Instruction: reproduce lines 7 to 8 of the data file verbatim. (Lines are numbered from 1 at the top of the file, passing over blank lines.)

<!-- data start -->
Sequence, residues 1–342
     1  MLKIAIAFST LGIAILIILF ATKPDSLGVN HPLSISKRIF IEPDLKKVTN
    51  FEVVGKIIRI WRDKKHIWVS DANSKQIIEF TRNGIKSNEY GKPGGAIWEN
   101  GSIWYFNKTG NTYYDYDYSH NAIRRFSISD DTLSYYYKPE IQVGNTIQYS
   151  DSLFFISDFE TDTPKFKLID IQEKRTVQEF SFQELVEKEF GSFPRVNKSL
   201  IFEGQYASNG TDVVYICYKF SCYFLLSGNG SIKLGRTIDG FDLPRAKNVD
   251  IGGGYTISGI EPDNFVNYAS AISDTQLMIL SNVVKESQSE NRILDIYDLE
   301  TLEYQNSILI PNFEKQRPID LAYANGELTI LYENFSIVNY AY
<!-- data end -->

   251  IGGGYTISGI EPDNFVNYAS AISDTQLMIL SNVVKESQSE NRILDIYDLE
   301  TLEYQNSILI PNFEKQRPID LAYANGELTI LYENFSIVNY AY